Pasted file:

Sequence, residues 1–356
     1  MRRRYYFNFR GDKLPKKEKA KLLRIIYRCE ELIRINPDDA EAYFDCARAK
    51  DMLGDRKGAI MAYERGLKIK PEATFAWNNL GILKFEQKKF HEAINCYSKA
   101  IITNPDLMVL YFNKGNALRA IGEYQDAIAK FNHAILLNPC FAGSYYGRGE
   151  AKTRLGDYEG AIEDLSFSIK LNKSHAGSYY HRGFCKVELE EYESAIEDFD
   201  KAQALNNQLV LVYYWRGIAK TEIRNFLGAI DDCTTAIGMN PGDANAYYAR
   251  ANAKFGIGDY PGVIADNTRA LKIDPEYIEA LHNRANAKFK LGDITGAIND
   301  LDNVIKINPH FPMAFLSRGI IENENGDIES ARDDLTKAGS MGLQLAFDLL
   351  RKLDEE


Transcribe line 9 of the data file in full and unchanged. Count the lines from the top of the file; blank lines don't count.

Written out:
   351  RKLDEE